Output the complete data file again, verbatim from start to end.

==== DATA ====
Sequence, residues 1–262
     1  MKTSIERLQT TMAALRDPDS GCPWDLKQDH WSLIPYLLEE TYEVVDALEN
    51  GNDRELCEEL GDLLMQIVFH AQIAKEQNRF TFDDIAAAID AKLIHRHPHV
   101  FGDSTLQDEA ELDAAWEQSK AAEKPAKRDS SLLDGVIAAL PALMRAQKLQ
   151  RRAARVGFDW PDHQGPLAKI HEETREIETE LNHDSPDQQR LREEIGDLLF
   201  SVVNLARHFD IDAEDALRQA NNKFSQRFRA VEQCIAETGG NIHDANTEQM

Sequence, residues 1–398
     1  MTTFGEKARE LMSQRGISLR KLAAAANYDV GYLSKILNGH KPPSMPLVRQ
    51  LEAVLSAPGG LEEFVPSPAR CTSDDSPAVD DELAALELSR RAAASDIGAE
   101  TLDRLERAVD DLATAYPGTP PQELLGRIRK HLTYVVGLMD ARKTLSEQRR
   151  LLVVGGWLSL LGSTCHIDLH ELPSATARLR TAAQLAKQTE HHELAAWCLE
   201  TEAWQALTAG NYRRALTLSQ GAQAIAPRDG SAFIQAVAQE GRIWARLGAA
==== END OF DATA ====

Sequence, residues 1–262
     1  MKTSIERLQT TMAALRDPDS GCPWDLKQDH WSLIPYLLEE TYEVVDALEN
    51  GNDRELCEEL GDLLMQIVFH AQIAKEQNRF TFDDIAAAID AKLIHRHPHV
   101  FGDSTLQDEA ELDAAWEQSK AAEKPAKRDS SLLDGVIAAL PALMRAQKLQ
   151  RRAARVGFDW PDHQGPLAKI HEETREIETE LNHDSPDQQR LREEIGDLLF
   201  SVVNLARHFD IDAEDALRQA NNKFSQRFRA VEQCIAETGG NIHDANTEQM

Sequence, residues 1–398
     1  MTTFGEKARE LMSQRGISLR KLAAAANYDV GYLSKILNGH KPPSMPLVRQ
    51  LEAVLSAPGG LEEFVPSPAR CTSDDSPAVD DELAALELSR RAAASDIGAE
   101  TLDRLERAVD DLATAYPGTP PQELLGRIRK HLTYVVGLMD ARKTLSEQRR
   151  LLVVGGWLSL LGSTCHIDLH ELPSATARLR TAAQLAKQTE HHELAAWCLE
   201  TEAWQALTAG NYRRALTLSQ GAQAIAPRDG SAFIQAVAQE GRIWARLGAA